On A Day Like This… (Porto Franco Records PFR 015, 2010)
Close your eyes as you listen to this debut CD by Ethiopian-born Meklit Hadero and it’s easy to imagine you’re in some small venue in San Francisco (where Hadero honed her artistry), experiencing an intimate performance by an up-and-coming young singer/songwriter whose approach is sincere and whose talent is undeniable.
Her bio makes comparisons between her sound and that of Joni Mitchell, Nina Simone and Nora Jones and while there undeniable similarities (I hear shades of Joan Armatrading as well), Hadero sets herself apart by factoring in a bit of the musical traditions of her homeland and having a knack for sometimes taking on a darker tone that tempers the overall sunnyness of On a Day Like This… without killing the buzz. “Walk Up” (inspired by an interactive sculpture exhibit) starts the album on a smilingly surreal note, and its mildly quirky feel carries on through original compositions “Float and Fall,” “Leaving Soon,” and “You and the Rain.”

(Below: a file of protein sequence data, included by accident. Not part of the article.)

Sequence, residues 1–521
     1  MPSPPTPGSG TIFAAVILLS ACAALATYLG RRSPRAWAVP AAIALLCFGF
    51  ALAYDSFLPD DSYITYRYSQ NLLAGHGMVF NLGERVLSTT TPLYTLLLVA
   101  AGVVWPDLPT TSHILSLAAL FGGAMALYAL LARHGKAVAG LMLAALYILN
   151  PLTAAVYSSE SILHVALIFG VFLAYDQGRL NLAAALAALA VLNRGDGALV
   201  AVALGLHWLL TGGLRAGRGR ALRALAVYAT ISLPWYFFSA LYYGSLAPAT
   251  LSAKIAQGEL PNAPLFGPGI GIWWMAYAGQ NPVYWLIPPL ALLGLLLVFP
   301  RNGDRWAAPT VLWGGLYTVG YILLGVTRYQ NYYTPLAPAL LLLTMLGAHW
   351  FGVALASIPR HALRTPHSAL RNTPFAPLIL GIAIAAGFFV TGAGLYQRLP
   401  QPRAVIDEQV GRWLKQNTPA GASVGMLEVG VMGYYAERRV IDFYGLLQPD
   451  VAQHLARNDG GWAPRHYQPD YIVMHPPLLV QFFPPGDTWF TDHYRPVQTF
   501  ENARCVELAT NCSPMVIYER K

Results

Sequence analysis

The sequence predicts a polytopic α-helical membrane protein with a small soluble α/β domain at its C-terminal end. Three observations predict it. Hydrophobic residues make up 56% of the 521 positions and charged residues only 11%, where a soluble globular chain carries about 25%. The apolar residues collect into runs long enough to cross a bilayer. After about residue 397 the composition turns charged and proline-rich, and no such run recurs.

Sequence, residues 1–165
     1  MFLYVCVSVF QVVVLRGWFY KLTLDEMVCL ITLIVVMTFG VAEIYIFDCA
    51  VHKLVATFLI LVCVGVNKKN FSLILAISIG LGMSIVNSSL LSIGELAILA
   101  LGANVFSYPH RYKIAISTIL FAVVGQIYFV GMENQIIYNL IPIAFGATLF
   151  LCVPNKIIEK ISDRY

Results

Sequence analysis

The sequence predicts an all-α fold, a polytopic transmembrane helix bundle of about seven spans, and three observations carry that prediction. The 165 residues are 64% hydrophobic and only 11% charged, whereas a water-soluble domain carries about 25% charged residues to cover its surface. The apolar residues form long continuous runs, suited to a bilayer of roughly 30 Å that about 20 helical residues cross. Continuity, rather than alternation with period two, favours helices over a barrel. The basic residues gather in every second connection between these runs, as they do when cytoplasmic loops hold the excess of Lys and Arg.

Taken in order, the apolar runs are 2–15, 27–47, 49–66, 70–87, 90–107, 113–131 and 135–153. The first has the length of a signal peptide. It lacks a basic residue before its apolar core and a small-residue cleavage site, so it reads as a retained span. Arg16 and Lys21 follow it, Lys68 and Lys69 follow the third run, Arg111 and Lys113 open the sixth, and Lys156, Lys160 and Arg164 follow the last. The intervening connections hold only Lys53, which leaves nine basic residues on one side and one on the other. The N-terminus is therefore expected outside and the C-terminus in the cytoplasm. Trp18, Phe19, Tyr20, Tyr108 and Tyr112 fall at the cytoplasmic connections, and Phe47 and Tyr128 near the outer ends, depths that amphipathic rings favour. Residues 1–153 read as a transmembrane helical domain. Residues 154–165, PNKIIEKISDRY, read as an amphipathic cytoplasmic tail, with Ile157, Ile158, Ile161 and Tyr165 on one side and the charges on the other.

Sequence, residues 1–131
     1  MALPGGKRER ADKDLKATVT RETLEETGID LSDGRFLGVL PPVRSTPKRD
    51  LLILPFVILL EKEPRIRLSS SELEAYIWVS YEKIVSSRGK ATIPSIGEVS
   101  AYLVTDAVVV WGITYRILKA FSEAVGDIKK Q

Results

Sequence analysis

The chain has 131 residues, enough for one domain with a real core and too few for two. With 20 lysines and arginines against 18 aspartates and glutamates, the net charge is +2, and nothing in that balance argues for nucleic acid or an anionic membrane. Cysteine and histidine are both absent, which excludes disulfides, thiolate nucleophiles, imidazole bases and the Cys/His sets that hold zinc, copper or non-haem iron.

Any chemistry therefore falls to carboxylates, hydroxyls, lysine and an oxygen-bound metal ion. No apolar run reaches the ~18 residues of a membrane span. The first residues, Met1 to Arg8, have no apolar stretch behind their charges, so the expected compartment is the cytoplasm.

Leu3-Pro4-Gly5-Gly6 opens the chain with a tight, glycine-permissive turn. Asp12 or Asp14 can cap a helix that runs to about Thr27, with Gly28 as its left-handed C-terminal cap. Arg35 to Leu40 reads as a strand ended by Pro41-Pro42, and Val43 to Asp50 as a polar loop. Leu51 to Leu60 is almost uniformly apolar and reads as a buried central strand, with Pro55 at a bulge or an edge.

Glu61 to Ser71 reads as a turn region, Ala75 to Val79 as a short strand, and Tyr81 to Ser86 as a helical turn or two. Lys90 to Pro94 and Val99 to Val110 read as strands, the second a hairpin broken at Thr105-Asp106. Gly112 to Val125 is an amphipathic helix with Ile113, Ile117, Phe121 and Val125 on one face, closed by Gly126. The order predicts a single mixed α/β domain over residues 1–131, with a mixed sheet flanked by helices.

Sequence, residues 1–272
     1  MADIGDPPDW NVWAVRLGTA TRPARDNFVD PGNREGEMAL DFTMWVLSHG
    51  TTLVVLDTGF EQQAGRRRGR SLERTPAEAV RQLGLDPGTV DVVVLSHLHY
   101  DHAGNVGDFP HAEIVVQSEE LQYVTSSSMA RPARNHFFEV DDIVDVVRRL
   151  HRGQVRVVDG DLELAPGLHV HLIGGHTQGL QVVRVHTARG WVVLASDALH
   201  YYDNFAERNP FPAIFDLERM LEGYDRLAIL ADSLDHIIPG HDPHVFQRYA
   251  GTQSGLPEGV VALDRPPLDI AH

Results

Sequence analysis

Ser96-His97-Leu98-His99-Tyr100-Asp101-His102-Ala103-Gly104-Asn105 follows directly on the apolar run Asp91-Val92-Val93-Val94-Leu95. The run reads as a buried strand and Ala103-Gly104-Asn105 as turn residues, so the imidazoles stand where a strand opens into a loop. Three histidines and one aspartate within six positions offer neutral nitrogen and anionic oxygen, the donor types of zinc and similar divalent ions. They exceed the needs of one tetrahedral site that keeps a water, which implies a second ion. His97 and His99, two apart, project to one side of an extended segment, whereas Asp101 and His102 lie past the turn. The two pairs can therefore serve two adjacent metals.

A certain brooding restlessness sets in with a cover of Simone’s “Feeling Good” (not a simple feel-good song by any means) but the disc takes varied turns from that point on, including its liveliest piece (“Soleil Soleil”) and its most melancholy (“Under”). Sparse jazz structures and acoustic instruments comprise the better part of the accompaniment, leaving the necessary space for Hadero to make her impressive mark vocally. Not an earth-shattering release, but a very pleasing one that comes from the heart and reaches the same.
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